Our purpose is to protect sharks by preventing attacks on surfers. By protecting surfers we can prevent the unnecessary shark culls
As a social enterprise we will be donating 10% of profits to shark and marine studies
Our concepts were developed by Shark Researcher Rob Carraro following observations of shark behaviour on aerial surveys. It’s based on the hunting strategies and pre-strike run positioning on shallow beaches of Great Whites pursuing prey. After 5 years of development the concept is patented in Australia, USA, South Africa with more counties to follow.
We are divers, surfers and shark researchers most of our internal and external scientific advisers are concerned parents of young children that surf at every chance they get. The Advisory Group of consists of Marine Biologists, Ecologists and Pilots, that needed a shark avoidance method to give them peace of mind that was effective and practical. They were our harshest and most knowledgeable critics and could not be swayed by glossy images, unrepeatable tests or fooled by doubtful claims. Those parents now have their kids in FADER wetsuits.
Rob Carraro has been a diver and scuba instructor a for over 25 years spending much of that time observing shark behaviour underwater. Attending university as mature age student to study marine science he researched Wobbegongs which gave unique insights into shark vision. A 1st class Honors was awarded for the Wobbegong research and a scientific paper published in conjunction with Dr Bill Gladstone. He went on to work in shark research with NSW Fisheries on projects with Wobbegongs, Great Whites and developed methodology and safe practices for tagging Grey Nurse Sharks underwater. After Fisheries he coordinated Helicopter surveys for Great Whites for 4 years with CMA CSIRO and UTS where seeing Great Whites sharks in surf zone behaving naturally without human interference interact with fish formed the basis for the Sharkview concept to reduce shark attacks by avoiding being seen. As a diver rather than surfer he looked at the problem from an underwater viewpoint rather than a surface down approach using the sharks natural behaviour and hunting practices. 2 years of in water testing followed perfecting the methods off Port Stephens and a further 3 years of product development have culminated in the Sharkveiw Adaptive Camoflage Surfboards and FADER Contrast Gradient wetsuits. His goal is to get back to full time Shark Research funded by the commercialisation of Sharkview products. Our designer
Gemma Cornish is the owner and founder of Gemma Lee wetsuits a high fashion swimwear and wetsuit group. She comes from a high-level competitive swimming, lifesaving and surfing background. As such she was uniquely placed to combine function and ascetics. After all we still want our customers to look great. Her brief was to shape the wetsuit for female surfers not models. Female surfers have real shoulders and are proud of them yet even female branded suits don't allow for this and are highly restrictive according to the survey responses. The combination of racing swimwear features and seam lines that follow muscle groups was done for functional purposes but the unforeseen effect is how it acts like shape wear to trim and firm body areas. Gemma has not only created a high performance wetsuits that fits a wider range of body shapes but one that flatters and enhances like no other female wetsuit.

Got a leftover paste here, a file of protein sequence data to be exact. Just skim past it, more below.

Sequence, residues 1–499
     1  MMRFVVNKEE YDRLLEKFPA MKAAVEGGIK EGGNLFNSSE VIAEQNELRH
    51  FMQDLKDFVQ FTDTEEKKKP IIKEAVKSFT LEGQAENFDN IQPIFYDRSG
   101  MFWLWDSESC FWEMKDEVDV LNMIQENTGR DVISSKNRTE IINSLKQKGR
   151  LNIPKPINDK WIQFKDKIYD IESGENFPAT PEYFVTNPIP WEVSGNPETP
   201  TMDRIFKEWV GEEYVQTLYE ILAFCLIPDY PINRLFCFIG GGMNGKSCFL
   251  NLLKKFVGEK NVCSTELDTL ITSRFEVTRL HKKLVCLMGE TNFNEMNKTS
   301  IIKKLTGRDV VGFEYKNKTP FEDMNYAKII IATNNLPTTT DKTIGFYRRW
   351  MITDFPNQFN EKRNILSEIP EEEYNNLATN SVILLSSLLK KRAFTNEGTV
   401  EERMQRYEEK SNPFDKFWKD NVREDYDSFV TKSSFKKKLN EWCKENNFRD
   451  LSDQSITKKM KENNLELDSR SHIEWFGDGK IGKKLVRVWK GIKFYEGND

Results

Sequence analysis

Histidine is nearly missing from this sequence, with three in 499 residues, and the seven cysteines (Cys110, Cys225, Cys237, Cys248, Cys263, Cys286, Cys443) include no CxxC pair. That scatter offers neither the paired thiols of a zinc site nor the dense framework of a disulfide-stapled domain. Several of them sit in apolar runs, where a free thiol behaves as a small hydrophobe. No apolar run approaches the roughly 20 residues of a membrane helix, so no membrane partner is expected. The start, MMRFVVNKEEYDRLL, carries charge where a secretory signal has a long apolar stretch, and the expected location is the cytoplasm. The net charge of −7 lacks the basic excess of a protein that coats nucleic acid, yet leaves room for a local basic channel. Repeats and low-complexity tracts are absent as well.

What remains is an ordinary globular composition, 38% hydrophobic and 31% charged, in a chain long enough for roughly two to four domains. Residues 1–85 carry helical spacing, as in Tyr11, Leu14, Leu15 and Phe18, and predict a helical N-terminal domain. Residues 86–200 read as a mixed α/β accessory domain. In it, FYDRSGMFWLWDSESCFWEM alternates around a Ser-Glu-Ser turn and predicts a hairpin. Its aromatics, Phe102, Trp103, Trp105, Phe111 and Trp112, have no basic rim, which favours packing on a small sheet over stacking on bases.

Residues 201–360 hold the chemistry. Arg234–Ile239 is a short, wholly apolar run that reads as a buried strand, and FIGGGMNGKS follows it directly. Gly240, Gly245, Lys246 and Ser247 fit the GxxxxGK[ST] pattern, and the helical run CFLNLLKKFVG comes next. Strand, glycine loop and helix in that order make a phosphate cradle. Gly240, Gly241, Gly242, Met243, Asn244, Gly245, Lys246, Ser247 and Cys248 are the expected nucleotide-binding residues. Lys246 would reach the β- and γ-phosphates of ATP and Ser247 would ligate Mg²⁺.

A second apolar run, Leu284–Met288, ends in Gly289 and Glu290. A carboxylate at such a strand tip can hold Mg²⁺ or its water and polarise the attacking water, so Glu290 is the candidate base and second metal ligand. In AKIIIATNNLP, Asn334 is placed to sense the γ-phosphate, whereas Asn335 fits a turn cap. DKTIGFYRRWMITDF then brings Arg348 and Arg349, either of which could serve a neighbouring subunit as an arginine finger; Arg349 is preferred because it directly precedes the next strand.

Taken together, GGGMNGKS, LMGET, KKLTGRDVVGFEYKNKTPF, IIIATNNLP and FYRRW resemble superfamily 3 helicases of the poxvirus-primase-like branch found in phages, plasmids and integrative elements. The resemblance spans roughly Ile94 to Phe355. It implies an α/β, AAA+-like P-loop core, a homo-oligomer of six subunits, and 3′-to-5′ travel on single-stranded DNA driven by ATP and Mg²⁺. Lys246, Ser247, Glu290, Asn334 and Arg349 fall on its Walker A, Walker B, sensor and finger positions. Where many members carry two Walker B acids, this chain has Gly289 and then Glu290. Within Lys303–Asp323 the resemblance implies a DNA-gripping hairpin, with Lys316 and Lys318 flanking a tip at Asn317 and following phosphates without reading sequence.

Shark LC18 approaching our bait covered with the Avoided Pattern from behind were the pattern is obscured. Once it gets level it see the pattern and veers off. Its not punished, or harmed it chooses not to bite. While promising this still needs work and more evidence which we hope to get over this summer. With an greater effort to capture evidence with for Bull Sharks.
Sun test shows the surface of the water from underneath reflecting the rocks, then sea grass then in deep er water the blue. Our inlays and decals do the same. So no matter what the water colour is or what the bottom is made of the board will match at the time and also match any changes.
Background information and some of the reasons behind our wetsuits produced @kianicoop and @laura.ausling for @uonsoci @uni_newcastle Wetsuit FADER 2mm featured designed by @gemmalee_suitss.
This is the most important example of behaviour we observed. As the shark approaches the fish riding in on the wave to gain speed it at about 4m away aborts. Why? The fish are broken up, it would be a perfect time to single 1 out. But it doesn’t. It swims off. We strongly believe from this and other examples that as the wave lifted the fish their body angle in relation to the sun changes and for a split second the reflective scales made them to shark seem to disappear. To the shark the fish are no longer there. No fish no point so it swims on to look for other fish. We have many other examples that have convinced us that if we can not be seen there is not reason for a shark to approach.
Find the shark. Ariel patrols and drones are easy when the water is clear or there's no wind chop and your flying over every 10 minutes. Each summer due to poor water its wasted for days or weeks at a time (we lost most of January one year). So if the water is clear, there's is little wind, its in school holidays and its just flown over in the past 10 minutes yes you are a little safer. The rest of the time? Better to take shark safety out of the hands of Government and vested interest groups and make your own decisions.
Its vital for total concentration for aerial survey work. Any split second loss can lead to a missed shark and its easy to do. Even with the best conditions, experienced teams and regular patrols the shark that is a risk is unlikely to be seen before the event.